man playing guitar with granddaughter

Sound waves: A noninvasive way to attack prostate cancer

April 30, 2019 | UCI Health
dr edward uchio with prostate cancer survivor jeff nelson
Urologic oncologist Dr. Edward Uchio with Focal One patient Jeff Nelson.

Prostate cancer runs in Jeff Nelson’s family. His brother, uncle and cousins have all been diagnosed with the disease. When his prostate-specific antigen (PSA) test results jumped to 5.5 from 4 in summer 2018, he knew he had to move quickly.

The retired commercial banker’s research led him to UCI Health and prostate cancer specialist Edward M. Uchio, MD, who recommended an investigative technique called MRI fusion biopsy, which showed that Nelson did have prostate cancer on the right side.

Uchio and Nelson discussed his options, which included an ablative procedure that uses high-intensity, focused ultrasound (HIFU) beams to destroy the tumor.

No needles or scalpels

Nelson chose the Focal One treatment because it required no needles or scalpels and more precisely targeted the cancerous tissue. With Nelson's procedure in February 2019, UCI Medical Center became the first U.S. hospital to use the Focal One ultrasound system, which was developed by EDAP TMS.

Nelson was delighted with the outcome, not least because he was able to go home the same day. “Other than dealing with a catheter for a week, I felt great!” recalls the 65-year-old Tustin resident, who trains in martial arts and hikes extensively.

 “This recent advance in prostate cancer treatment allows for incredibly accurate targeting and destruction of cancerous tissue while sparing healthy tissue and the surrounding structure of the prostate,” says Uchio, director of urologic oncology for UCI Health. 

A safer way?

Traditional treatment methods for prostate cancer include active surveillance — closely watching the disease — or proactive intervention with surgery or radiation. Robot-assisted radical prostatectomycryoablation, radiation therapy and other minimally invasive therapies are among leading treatments for the disease and are UCI Health specialties. 

Still, these approaches carry risks and benefits. Uchio says focal HIFU technology may offer a safer way.

The system’s imaging capabilities allow urologists to view 3D images on a large monitor during the procedure, training the ultrasound waves only on the cancerous areas of the prostate. The technology is expected to lower potential side effects, such as sexual dysfunction and incontinence that may accompany more invasive treatments.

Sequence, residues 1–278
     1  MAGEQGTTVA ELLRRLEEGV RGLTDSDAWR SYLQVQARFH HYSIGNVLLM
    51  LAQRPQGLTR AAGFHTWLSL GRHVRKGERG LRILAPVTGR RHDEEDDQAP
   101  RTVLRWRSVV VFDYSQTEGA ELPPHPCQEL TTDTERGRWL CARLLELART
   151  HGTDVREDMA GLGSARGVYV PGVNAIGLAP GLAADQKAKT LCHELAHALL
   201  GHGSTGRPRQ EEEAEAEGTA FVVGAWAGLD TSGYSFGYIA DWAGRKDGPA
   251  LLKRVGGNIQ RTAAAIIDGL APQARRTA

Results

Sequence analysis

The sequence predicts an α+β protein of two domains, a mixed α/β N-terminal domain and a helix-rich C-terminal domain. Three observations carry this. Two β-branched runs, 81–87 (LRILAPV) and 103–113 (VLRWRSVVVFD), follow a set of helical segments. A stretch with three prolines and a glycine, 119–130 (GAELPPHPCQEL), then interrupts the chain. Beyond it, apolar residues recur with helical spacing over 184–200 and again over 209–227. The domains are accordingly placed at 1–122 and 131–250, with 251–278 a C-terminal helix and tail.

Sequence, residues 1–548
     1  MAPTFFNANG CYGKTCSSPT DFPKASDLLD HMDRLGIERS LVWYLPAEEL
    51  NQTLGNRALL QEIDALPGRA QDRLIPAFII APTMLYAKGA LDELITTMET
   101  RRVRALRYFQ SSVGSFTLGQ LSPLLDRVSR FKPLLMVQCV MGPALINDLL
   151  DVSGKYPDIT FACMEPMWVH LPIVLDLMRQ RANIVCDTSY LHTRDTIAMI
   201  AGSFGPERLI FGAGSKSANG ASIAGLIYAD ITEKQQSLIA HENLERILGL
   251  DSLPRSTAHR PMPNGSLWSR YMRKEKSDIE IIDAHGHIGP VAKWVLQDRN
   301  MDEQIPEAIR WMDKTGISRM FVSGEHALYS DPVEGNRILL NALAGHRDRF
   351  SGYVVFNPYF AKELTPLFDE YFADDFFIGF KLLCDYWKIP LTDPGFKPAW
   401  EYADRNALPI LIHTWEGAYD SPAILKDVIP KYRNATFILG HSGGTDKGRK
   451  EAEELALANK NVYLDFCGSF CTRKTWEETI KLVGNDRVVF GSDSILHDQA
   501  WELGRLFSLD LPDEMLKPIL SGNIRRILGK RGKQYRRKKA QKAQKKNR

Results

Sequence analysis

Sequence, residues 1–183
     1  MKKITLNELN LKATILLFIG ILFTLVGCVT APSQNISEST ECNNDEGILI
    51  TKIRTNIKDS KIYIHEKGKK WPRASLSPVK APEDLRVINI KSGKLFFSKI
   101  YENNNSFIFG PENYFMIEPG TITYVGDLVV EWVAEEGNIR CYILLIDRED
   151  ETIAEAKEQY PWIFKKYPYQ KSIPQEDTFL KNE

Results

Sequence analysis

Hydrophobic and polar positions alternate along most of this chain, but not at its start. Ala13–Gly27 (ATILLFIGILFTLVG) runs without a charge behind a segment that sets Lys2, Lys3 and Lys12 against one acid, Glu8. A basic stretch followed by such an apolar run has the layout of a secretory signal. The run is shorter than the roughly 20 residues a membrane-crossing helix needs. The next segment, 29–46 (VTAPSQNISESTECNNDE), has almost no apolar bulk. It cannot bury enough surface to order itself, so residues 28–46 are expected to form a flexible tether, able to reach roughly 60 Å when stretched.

“This procedure can preserve the patient’s quality of life,” says Uchio, the Jerry D. Choate Chair in Urologic Oncology in the UCI School of Medicine’s Department of Urology.

PSA tests a must

Nelson now encourages friends and acquaintances to get their PSA levels checked regularly. He also attends the annual Orange County “Cruising for a Cure” charity car show, which benefits prostate cancer. Attendees can get their blood drawn to check PSA levels.

“It’s so critical to have your PSA tested,” he says. “I had no symptoms and that is what is so tricky about prostate cancer.”

If PSA levels are higher than 4, which is considered normal, Nelson advises men to do as much research as they can.

“Don’t be afraid of the tests and biopsies,” he says. ”Get the results and find out where you’re at. If you catch this early enough, you’ll have more options like I did with Focal One, versus having your entire prostate removed.”

A promising approach

Although physicians have seen promising results with Focal One, Uchio said no long-term data yet exists about the impact of the technology.

“It will likely take many years to establish HIFU therapy as a standard treatment option,” he said, adding that the therapy may not be appropriate for all men diagnosed with prostate cancer. “Still, we see it as an obligation to examine all treatment options, including new technology, to improve the standard of care for our patients."

It's too soon to determine how effective the Focal One treatment has been, Nelson says. "Dr. Uchio will re-biopsy the suspect area in eight or nine months to check for any signs of cancer. In the meantime, we will keep tabs on my PSA levels. When I went in for the procedure, my PSA had jumped to 7.3. We just tested it again recently and it was down to 6.1, so that's good. He said I shouldn't expect my levels to go to zero because I still have much of my prostate."

Nelson anxiously awaits the day Uchio can say definitively that there is no sign of cancer.

"I understand how this works and it may be a year before he can state that," he says. "But I feel great and I have had no lasting side effects." 

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